“Wait. So. Where are you going?
Who’s going with you?
You’re going by yourself?!
But, aren’t you scared?!
Girl, I could never do that! I’d be so afraid!”
This is a conversation I’ve had 525,600 times.
When I tell people about my travels and the fact that I travel alone most of the time, the overwhelming response is pure astonishment, confusion, disbelief, and fear.
For me, traveling alone has often been the most feasible option. Either people don’t have the money or time or desire to go. I never made any kind of declaration that I only wanted to travel solo…it just kind of worked out that way. And so I gained an appreciation for being in some foreign land all by myself.
As a woman, I understand the hesitation of other women when it comes to traveling alone. Many women are worried that they’ll be preyed upon in some country if people see them alone or that they’ll be mistaken for a sex worker of some sort. But a lot of times, women are afraid of going alone simply because there’s some sort of stigma attached to it. There’s this idea that we need to wait-for a man, for a friend, for a pre-packaged group excursion, for some sort of permission from our personal circles or families or society at large. And my question to that has always been…why? Why and what?
Why are we waiting for someone to give us permission to travel alone and what are we afraid of?
If we really take the time to unpack our fears we may discover one of two things.
1) We may discover that our fears are really someone else’s fears that have been projected onto us.
2) We may discover that we are afraid of things that could happen to us anywhere in the world, whether it’s across the street or across the globe.
Now, anyone who knows me or has been reading my blog for any amount of time knows that one of my catch-phrases is “Fear Is Stupid”. It keeps us grounded and bound and living a life that other people are comfortable with but not necessarily the life that allows us to pursue our visions and passions and be responsible for our own happiness.
What makes me a little sad is the thought of all the experiences and revelations that are missed because of that fear.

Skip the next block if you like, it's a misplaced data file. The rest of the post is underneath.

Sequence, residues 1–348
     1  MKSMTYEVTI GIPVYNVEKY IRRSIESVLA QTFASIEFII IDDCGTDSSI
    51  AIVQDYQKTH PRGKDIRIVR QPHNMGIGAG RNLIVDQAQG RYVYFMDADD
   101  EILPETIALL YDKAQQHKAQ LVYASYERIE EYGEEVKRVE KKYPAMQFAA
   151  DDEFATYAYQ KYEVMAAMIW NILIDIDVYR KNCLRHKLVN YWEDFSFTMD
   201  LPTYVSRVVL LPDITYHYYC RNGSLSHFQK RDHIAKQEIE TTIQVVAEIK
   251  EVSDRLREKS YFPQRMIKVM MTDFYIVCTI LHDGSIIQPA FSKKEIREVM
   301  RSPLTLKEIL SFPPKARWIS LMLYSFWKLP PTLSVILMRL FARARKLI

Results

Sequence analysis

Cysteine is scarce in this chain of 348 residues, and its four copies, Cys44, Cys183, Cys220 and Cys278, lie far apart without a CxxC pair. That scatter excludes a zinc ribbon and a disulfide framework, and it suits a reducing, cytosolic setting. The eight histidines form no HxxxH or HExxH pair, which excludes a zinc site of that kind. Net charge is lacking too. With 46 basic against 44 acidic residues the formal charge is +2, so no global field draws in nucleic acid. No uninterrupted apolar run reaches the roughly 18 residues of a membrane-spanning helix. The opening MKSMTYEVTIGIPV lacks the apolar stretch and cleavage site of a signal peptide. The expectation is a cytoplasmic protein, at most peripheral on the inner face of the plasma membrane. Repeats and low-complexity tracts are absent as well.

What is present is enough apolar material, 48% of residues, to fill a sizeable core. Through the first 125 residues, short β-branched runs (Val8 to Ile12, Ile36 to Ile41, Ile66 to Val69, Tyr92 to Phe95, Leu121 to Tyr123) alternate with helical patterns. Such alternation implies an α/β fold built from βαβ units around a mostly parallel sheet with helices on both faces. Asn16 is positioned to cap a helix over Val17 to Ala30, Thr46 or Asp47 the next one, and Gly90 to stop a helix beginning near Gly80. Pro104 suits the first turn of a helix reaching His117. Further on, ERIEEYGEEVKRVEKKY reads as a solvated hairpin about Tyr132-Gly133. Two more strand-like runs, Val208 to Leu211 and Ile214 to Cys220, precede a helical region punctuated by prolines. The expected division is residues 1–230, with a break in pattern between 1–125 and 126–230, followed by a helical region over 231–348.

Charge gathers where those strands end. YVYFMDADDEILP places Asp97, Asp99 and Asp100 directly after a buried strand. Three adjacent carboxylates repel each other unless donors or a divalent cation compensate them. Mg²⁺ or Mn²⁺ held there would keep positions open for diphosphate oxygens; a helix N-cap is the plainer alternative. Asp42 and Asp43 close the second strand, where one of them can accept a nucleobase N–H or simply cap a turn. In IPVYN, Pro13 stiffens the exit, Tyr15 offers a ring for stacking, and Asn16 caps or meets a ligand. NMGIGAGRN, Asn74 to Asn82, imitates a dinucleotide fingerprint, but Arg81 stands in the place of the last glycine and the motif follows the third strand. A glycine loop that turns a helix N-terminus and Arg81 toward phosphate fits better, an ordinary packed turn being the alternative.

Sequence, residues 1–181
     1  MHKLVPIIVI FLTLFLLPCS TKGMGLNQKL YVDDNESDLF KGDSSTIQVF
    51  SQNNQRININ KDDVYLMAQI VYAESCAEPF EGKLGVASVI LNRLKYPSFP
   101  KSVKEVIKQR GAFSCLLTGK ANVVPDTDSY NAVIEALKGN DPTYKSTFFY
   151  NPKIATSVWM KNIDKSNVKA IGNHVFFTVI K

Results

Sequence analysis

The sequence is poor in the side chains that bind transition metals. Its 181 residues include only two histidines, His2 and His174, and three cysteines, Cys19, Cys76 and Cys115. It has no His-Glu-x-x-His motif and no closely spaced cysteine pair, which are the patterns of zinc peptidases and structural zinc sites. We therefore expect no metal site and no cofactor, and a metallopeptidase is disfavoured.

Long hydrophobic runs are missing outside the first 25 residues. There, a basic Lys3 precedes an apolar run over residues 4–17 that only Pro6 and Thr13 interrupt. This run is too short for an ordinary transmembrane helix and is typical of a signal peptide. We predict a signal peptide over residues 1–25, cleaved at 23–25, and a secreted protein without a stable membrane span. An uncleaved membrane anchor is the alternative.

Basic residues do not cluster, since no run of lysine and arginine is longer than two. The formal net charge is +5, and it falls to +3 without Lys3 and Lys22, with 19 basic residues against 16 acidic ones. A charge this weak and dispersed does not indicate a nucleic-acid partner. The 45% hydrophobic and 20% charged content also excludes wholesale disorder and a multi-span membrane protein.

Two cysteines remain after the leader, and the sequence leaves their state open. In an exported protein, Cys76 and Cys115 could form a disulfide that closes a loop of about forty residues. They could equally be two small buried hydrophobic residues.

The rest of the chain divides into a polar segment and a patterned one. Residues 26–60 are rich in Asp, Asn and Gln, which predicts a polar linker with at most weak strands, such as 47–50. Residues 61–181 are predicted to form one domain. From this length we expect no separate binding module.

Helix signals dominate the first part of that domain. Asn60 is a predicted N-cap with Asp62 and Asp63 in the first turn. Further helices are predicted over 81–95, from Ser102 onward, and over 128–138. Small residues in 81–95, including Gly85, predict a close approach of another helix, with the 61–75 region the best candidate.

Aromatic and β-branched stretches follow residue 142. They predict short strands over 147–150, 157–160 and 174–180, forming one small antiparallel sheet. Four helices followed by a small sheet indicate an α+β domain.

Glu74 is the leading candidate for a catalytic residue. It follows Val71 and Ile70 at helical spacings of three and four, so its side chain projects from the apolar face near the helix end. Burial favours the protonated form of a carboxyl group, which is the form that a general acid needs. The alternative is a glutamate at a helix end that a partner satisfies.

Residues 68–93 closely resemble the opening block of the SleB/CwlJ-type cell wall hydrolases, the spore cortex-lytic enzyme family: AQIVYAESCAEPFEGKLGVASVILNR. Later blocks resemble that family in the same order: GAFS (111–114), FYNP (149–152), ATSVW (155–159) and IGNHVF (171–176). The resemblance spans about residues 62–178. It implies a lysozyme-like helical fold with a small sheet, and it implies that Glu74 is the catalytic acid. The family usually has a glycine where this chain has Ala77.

There are many things that I have gained from solo travel. So many lessons learned and experiences had because I was alone.
I’ve learned to rely on and trust the voice on the inside of me.
I’ve learned my loves, likes, and dislikes.
I’ve learned how to be content in my own silence and with my own thoughts.
I’ve learned that it’s ok to have gelato for breakfast…
I’ve learned how I best hear from God (usually in nature).
I’ve learned to be easy(er) on myself…that’s an ongoing lesson.
But most importantly, I’ve learned that I can do whatever I put my mind to, that I can make my own decisions, and that I can trust myself.
“But, what are people going to think?”
“Who will take pics of me?”
“How will I know what to do once I get there?”
Well, who cares what other people think? Maybe they’ll think you don’t have friends. Or maybe they’ll think you’re the dopest person they know for doing what you want to do without waiting for someone else to go with you. And trust me folks. If you’re putting off that dream trip (or anything, really) simply because you’re waiting for someone else to go with you or give you permission, you will ALWAYS be waiting and you will NEVER go. Regardless, no-one else’s opinion really matters here.
If you’re at a loss for activities, a simple google search will reveal tons of tourist attractions, excursions, restaurants, wine bars, etc, etc, etc.
OR you may find that you enjoy simply sitting on the beach, strolling along the Champs-Élysées, taking a bus from Maiori to Positano and back, or watching the sunset in some town square.
Whatever the case, the only schedule, desires, and budget you have to think about are your own. There’s no consulting anyone else to decide what to do and when to do it.
And as far as pictures go…your selfie game will grow tremendously! You’ll also learn how to mount your camera on a tripod (or rock or tree or ledge) and figure out the angles you need for the shot you want. AND, you’ll learn that sometimes, you may need to observe a stranger and, once you’ve deemed one safe, ask them to take a shot of you in front of whatever amazing backdrop you choose.
The point is, you’ll figure it out. And your life and your experience and your story will be so much better for it.
Now I’m not suggesting that you throw caution to the wind and not take precautions. You definitely want to be wise in your travel adventures, especially if you’re going alone.
Here are a few basic tips for safety abroad.
1) Do research on your chosen destination to find out about the political climate and that country’s relationship with the U.S.
2) Register your trip with the U.S. Embassy or Consulate especially if there has been recent political unrest or upheaval.
3) Always share your travel details with a friend or family member at home. Someone should have knowledge of your flight info, accommodations, activities, and excursions.
4) Check in from time to time with home base. Even if you want to unplug, you can send a quick email or text to let folks know that you’re ok.
Now these are the basics. The point is to reassure you that traveling alone does not have to fill you with dread. It may, in fact, teach you about yourself, inspire you, or grow you. And that only makes you a better person…for yourself and for everyone around you.
Kick the dread, folks! Plan that trip. Go alone. You’ll have your time and thoughts to yourself to do what you want and discover more about who you are. So go! And when it’s over, tell me all about it!! I can’t wait to hear from you!
#wedontsitoncouches #livelovegodobe #fearisstupid
** featured image taken while traveling solo in Roussillon, France.